Indeed, Rand had complained at times about the low quality of her enemies. I figured I could set myself up to raise the quality of her enemies. I would give her an enemy who actually agreed with her rather a great deal. As an enemy I would not be bound by all these strictures. I could put "Enemy of Objectivism" on my business card, and what would her lawyers have to complain about?

I would not have put "Enemy of Ayn Rand." Not in a million years. I felt too much gratitude and admiration to do such a thing. But "Enemy of Objectivism" seemed fine.

The problem I had was that I wasn't sure I really disagreed with Objectivism, properly understood, in any substantial way. So I never executed my plan.

Rhyme of the day:

I put myself on the list
Of enemies who might exist.

Aristotle on morality in music and sculpture

Ayn Rand made various remarks suggesting that artworks in general carry implicit moral messages. These remarks have been criticized by Torres and Kamhi in their book, What Art Is. In their view, "her view of art as the 'concretizaton of the moral ideal' applies only to some literature and to art works in other media which rely on a literary or narrative base.' (p.31)

Of course, that's not what *she* thought.

In this, she had something of an ally in Aristotle. You wouldn't know this from reading Aristotle's Poetics, which is what we usually think of as his big work on an aesthetic topic.

But if you look into his Politics, particularly Book 8, you find he thought that music had definite character-shaping qualities, and that sculpture had some such influence, albeit much milder and not felt by all.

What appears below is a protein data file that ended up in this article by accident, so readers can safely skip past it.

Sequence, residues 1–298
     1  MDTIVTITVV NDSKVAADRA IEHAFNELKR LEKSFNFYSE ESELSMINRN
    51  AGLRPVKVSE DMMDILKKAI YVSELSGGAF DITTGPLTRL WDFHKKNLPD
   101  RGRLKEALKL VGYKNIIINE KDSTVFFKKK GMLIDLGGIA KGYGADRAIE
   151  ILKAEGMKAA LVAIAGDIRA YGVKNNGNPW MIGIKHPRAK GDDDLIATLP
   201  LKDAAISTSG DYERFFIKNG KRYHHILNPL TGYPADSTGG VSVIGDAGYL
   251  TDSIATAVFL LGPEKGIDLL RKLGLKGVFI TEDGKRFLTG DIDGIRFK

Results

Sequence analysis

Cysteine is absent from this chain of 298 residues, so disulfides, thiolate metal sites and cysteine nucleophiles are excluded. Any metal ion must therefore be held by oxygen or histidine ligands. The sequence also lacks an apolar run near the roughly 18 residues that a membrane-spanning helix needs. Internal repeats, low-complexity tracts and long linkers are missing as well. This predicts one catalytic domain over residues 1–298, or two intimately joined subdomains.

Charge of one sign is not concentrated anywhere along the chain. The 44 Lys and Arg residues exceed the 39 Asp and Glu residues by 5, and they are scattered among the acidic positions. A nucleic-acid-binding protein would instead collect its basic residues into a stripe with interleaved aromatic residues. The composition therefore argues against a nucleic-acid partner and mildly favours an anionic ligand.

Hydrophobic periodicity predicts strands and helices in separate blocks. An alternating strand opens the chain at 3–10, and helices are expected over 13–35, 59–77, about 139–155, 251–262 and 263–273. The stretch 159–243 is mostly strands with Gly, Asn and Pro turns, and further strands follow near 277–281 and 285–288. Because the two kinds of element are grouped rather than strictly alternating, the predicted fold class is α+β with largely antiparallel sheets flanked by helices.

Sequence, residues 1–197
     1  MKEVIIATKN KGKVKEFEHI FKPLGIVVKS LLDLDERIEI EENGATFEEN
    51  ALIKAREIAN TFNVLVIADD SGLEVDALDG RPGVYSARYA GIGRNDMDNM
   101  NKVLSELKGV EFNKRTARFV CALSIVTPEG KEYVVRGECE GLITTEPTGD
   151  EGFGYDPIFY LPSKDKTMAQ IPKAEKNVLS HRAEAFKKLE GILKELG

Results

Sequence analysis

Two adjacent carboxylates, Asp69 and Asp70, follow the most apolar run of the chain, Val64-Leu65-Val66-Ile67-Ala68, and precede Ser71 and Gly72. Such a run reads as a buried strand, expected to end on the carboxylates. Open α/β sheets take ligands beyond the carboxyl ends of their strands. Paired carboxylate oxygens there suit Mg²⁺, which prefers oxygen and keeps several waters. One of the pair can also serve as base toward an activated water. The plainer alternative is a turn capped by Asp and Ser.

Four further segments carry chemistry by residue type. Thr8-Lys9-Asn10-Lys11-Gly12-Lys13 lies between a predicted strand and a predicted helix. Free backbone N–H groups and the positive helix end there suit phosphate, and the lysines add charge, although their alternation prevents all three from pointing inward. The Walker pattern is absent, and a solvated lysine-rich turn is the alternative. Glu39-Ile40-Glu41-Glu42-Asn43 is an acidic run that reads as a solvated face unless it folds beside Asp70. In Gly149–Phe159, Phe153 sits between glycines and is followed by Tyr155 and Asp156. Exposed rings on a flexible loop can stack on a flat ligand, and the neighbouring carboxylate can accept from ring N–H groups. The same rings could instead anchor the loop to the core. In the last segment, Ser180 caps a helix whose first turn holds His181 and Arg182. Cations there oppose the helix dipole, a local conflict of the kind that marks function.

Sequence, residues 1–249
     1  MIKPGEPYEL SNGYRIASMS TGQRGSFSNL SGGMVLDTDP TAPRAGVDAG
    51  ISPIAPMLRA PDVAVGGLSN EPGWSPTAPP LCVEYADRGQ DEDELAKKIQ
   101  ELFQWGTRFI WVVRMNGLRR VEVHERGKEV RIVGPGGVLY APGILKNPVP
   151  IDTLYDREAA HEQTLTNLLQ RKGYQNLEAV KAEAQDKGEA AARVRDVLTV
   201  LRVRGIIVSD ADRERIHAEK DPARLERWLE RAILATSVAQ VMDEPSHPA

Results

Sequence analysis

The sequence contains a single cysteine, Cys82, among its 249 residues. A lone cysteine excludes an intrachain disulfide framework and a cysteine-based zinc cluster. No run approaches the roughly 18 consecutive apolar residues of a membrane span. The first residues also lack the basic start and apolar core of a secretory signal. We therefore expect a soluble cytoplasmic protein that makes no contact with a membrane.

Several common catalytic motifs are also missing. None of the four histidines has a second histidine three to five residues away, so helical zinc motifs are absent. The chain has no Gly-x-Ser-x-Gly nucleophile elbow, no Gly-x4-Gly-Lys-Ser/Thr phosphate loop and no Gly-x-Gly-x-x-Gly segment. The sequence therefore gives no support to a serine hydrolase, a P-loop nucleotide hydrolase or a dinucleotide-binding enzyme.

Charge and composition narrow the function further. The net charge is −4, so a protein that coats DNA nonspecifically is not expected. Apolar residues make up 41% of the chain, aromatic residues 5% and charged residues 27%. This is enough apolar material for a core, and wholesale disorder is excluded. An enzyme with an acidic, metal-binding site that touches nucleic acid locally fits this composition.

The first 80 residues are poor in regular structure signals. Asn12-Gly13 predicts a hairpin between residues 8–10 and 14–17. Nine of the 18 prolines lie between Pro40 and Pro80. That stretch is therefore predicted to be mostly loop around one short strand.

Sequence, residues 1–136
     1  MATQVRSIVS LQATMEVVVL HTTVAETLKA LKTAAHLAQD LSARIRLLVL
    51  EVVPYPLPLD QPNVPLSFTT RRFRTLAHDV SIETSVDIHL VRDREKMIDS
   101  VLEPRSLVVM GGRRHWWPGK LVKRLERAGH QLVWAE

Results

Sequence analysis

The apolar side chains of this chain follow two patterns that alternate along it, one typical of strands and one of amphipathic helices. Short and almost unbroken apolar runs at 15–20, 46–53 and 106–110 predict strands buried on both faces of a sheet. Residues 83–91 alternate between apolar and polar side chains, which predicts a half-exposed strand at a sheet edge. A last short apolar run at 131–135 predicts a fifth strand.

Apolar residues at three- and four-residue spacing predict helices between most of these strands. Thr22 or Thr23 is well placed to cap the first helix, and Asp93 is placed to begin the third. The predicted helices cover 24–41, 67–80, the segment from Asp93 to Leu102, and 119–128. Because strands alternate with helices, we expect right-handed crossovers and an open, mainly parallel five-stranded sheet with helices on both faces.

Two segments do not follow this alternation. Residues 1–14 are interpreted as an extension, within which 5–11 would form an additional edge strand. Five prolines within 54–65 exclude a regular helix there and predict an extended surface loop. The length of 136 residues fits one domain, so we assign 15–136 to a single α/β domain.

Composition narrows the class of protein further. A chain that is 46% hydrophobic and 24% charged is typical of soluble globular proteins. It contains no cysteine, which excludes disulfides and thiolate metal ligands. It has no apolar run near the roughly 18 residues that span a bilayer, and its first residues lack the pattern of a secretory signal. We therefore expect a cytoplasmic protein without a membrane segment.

The relevant passage is quoted at the end of this entry. It's not easy reading, particularly if you haven't read much Aristotle before. Of course, that Aristotle said it does not make it so.

"The habit of feeling pleasure or pain at
mere representations is not far removed from the same feeling about
realities; for example, if any one delights in the sight of a statue
for its beauty only, it necessarily follows that the sight of the
original will be pleasant to him. The objects of no other sense,
such as taste or touch, have any resemblance to moral qualities; in
visible objects there is only a little, for there are figures which
are of a moral character, but only to a slight extent, and all do
not participate in the feeling about them. Again, figures and colors
are not imitations, but signs, of moral habits, indications which
the body gives of states of feeling. The connection of them with
morals is slight, but in so far as there is any, young men should be
taught to look, not at the works of Pauson, but at those of
Polygnotus, or any other painter or sculptor who expresses moral
ideas. On the other hand, even in mere melodies there is an
imitation of character, for the musical modes differ essentially
from one another, and those who hear them are differently affected
by each. Some of them make men sad and grave, like the so-called
Mixolydian, others enfeeble the mind, like the relaxed modes, another,
again, produces a moderate and settled temper, which appears to be the
peculiar effect of the Dorian; the Phrygian inspires enthusiasm. The
whole subject has been well treated by philosophical writers on this
branch of education, and they confirm their arguments by facts. The
same principles apply to rhythms; some have a character of rest,
others of motion, and of these latter again, some have a more
vulgar, others a nobler movement. Enough has been said to show that
music has a power of forming the character, and should therefore be
introduced into the education of the young."

From Jowett's translation of the Politics, Book 8, Chapter 5, which is mostly about music. (Note, when discussing Aristotle's works, a "Book" is like a modern chapter and a "Chapter" is like a subsection of a modern chapter.)

2nd rhyme of the day:

Aristotle's say-so does NOT make it so.
But he was called master of all who know.